Injured Viking Renews Anime Fandom

It’s easy to love the unrestrained geekiness with which PiPress reporter Dane Mizutani begins this sweet little puff-piece on Vikings safety Lewis Cine. “Like most kids growing up in the late 1990s and early 2000s, Lewis Cine found himself drawn to Dragon Ball Z,” he writes. “He would spend hours upon hours watching the anime television series that chronicled the adult life of Goku, the main protagonist, and his constant battles against rivals like Vegeta.” As Cine journeyed toward becoming a first-round 2022 NFL draft pick, he lost interest in anime. The University of Georgia product spent a week-plus inside a London hospital following a nasty leg fracture last season; his leg effectively “snapped in half" with "bones protruding from his skin." The recovery process took Cine to dark places, especially when he was forced to watch Vikings road games alone from his home. Then, one day, he popped open Netflix and started watching Naruto… followed by Baki, Demon Slayer, and One Punch Man.

The injured Vike’s passion for anime was reborn. “That really helped my mental,” Cine tells Mizutani. “I started watching anime, and it was an escape. It brought out the child in me. I think I needed that.” The second-year defensive back says he’d even embody the fearlessness of specific characters while rehabbing his leg. But the biggest lesson he learned, one that transcends football? “There’s a lot of characters in anime that die. They just get waxed out of nowhere,” Cine says. “It’s about cherishing moments for them because they never know when they’re time is coming.” Amen. Remarkably, the young pro athlete/anime junkie is set to play this Thursday when the Vikings head to Seattle for their first exhibition game. May the powers of Goku be with him.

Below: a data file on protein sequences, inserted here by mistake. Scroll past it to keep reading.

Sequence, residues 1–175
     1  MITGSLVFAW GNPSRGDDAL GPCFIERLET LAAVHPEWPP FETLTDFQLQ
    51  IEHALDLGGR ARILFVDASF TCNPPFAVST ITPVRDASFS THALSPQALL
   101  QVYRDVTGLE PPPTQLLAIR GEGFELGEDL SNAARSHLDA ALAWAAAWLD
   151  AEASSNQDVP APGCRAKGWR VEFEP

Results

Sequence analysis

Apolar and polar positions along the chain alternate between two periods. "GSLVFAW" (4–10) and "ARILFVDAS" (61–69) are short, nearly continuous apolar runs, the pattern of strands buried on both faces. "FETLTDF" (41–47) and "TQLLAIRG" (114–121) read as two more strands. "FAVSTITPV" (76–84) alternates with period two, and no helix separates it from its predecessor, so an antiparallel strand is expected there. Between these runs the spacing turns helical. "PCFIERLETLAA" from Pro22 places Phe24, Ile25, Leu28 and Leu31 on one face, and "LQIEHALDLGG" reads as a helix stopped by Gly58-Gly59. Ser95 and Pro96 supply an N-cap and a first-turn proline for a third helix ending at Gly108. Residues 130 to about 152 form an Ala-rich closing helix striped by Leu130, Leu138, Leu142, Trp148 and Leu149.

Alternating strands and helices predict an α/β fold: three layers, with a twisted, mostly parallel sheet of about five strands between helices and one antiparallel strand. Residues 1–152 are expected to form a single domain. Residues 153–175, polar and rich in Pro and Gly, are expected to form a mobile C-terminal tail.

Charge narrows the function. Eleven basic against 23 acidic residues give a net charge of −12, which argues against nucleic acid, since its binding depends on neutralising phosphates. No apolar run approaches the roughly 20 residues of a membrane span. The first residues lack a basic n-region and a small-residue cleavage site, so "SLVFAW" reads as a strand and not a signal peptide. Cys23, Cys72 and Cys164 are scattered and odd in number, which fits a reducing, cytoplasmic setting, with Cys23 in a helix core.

Porkchop the Giant Lizard is on the Loose in Rochester

How do you lose a four-foot Argentine tegu? Pet-owner Cody Whitehead isn’t sure, but he does know that his buddy has been missing from his backyard enclosure since late last week. “If we have gloomy weather he might just go hide underneath someone’s porch and sleep there until a warmer day like today,” he tells the Rochester Post Bulletin. Whitehead says the giant black-and-white lizard likes to bask in the sun, greet guests who stop by, and curl up with his other pets, which include a dog and cat. Whitehead adopted the creature around nine years ago, after animal control found the "severely overweight" beast roaming the desert. “We looked at him and we’re like, ‘You’re just a little porkchop,' and the name stuck,” he says. “It’s a friendly name, he’s a friendly guy.” Whitehead is offering $300 for the return of his tegu housemate. If you find him, you may be able to befriend him with bananas, his favorite food.